The Basics of Crisis Communication
- Asses your weaknesses and vulnerabilities: Brainstorm all the of the potential crisis situations your organization could potentially face, from legal issues to recalls to natural disasters. Keep in mind that the internet and increasing social media usage connects consumers with the media more than ever before, so be prepared for a customer complaint to become a crisis situation: as an example, see this CBS 5 investigation — and how Meyers handled the response.
Even press releases put out by your organization could develop into a crisis. Meyers’ advice is to always read over releases before you put them out and think “How could this blow up?”
- Always have a plan: Have a crisis team. Establish who is allowed to talk the media. Know who the experts are in your organization and media train them. In other words, make sure they understand how to drive the content of an interview and stick to your organization’s messaging, even when fielding tough questions from reporters.
- Hold to your word: It’s important to maintain your credibility during a crisis, so don’t back yourself into a wall by making commitments you can’t follow through with.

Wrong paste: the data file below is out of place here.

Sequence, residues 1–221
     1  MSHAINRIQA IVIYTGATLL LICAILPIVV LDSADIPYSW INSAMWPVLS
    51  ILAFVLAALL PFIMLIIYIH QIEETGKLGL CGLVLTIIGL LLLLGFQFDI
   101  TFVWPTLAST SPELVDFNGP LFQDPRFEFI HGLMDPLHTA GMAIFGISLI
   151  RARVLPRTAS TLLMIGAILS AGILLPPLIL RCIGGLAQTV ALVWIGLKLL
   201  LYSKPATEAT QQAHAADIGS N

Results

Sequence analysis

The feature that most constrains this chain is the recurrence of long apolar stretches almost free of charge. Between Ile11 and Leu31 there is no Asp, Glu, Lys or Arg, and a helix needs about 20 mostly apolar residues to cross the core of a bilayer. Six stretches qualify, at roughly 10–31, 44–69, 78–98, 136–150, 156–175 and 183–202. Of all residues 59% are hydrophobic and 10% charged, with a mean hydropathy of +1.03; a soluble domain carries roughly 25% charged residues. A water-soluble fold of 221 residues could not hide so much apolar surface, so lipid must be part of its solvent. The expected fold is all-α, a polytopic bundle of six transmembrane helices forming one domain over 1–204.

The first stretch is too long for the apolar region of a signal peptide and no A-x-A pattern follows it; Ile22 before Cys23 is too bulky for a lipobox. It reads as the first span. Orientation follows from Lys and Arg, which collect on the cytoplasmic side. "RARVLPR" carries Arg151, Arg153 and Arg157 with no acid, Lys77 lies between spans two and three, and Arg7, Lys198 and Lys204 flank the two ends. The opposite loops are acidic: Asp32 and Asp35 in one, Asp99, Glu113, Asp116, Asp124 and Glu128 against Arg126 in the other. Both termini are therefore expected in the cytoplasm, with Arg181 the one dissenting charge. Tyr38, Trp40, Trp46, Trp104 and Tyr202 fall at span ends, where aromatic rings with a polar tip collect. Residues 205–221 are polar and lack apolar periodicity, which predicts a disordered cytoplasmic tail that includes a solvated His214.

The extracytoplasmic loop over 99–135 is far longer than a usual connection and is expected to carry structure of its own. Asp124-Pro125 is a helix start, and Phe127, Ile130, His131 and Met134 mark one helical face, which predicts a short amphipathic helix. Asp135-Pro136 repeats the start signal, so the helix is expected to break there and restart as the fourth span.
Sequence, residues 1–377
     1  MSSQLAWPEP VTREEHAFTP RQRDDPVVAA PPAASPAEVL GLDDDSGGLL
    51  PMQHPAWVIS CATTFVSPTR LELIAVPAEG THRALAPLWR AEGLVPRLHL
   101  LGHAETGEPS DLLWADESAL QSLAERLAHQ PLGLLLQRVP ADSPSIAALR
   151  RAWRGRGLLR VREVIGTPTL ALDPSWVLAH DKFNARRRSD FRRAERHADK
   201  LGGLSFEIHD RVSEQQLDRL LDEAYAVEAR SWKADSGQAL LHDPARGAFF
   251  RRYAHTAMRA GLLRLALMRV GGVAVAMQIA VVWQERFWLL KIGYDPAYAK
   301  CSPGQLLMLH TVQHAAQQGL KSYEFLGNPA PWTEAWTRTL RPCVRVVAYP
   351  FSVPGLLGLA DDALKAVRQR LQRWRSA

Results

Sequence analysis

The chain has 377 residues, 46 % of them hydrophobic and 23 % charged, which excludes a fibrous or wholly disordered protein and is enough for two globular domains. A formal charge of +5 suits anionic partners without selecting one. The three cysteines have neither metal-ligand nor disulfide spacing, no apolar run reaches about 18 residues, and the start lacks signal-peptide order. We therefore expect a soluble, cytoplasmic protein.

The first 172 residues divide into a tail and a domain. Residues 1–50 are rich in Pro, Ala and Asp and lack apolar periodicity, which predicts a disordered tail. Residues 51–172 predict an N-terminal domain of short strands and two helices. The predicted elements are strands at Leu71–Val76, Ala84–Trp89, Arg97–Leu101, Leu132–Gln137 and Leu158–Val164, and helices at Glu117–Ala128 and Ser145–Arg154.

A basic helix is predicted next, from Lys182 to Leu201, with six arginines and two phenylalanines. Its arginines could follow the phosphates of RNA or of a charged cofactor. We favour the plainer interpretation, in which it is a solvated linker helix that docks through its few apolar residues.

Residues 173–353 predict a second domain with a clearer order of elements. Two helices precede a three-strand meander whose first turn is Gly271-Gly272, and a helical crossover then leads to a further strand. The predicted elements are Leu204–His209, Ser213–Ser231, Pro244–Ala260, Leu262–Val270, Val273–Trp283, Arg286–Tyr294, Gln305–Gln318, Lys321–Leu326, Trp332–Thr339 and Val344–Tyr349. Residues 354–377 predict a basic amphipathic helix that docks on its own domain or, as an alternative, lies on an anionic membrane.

- Technology is your friend: the most successful PR practitioners make the best use of technology and social media. So stay up-to-date.
- Set yourself apart: Meyers recommends getting video, editing, and even on-camera experience to help you stand out against other applicants. Meyers regularly hosts fundraising segments on KAET/Channel 8.
- Remember that there is no set path in or out of the PR field. Realize that you may leave PR for a while and then come back… Or not. Just keep an open mind and don’t dismiss opportunities just because they don’t sound like something that’s made for your degree.
Meyers has national-level crisis communications experience relating to hot-button immigration issues, and he currently works on major market clients from coast-to-coast in the U.S. Prior to Mindspace, he was Director of Marketing & Public Relations at Desert Schools Federal Credit Union, a $3 billion financial institution. He has also worked as Director of Marketing Communications at the Heard Museum and Senior Editor Creative Services at The Arizona Republic, azcentral.com & 12News.
Before transitioning to public relations, Meyers spent a decade in the radio and records industry as an advertising production director and on-air personality in major markets. Follow him on Twitter @Meyers_PR